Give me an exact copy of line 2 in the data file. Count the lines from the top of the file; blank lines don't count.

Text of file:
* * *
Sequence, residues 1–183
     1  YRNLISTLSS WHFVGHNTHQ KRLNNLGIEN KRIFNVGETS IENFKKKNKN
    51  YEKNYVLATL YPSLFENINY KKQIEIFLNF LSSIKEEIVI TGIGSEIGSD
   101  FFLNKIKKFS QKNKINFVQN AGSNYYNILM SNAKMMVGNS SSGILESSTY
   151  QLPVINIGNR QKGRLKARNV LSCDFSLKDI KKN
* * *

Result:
     1  YRNLISTLSS WHFVGHNTHQ KRLNNLGIEN KRIFNVGETS IENFKKKNKN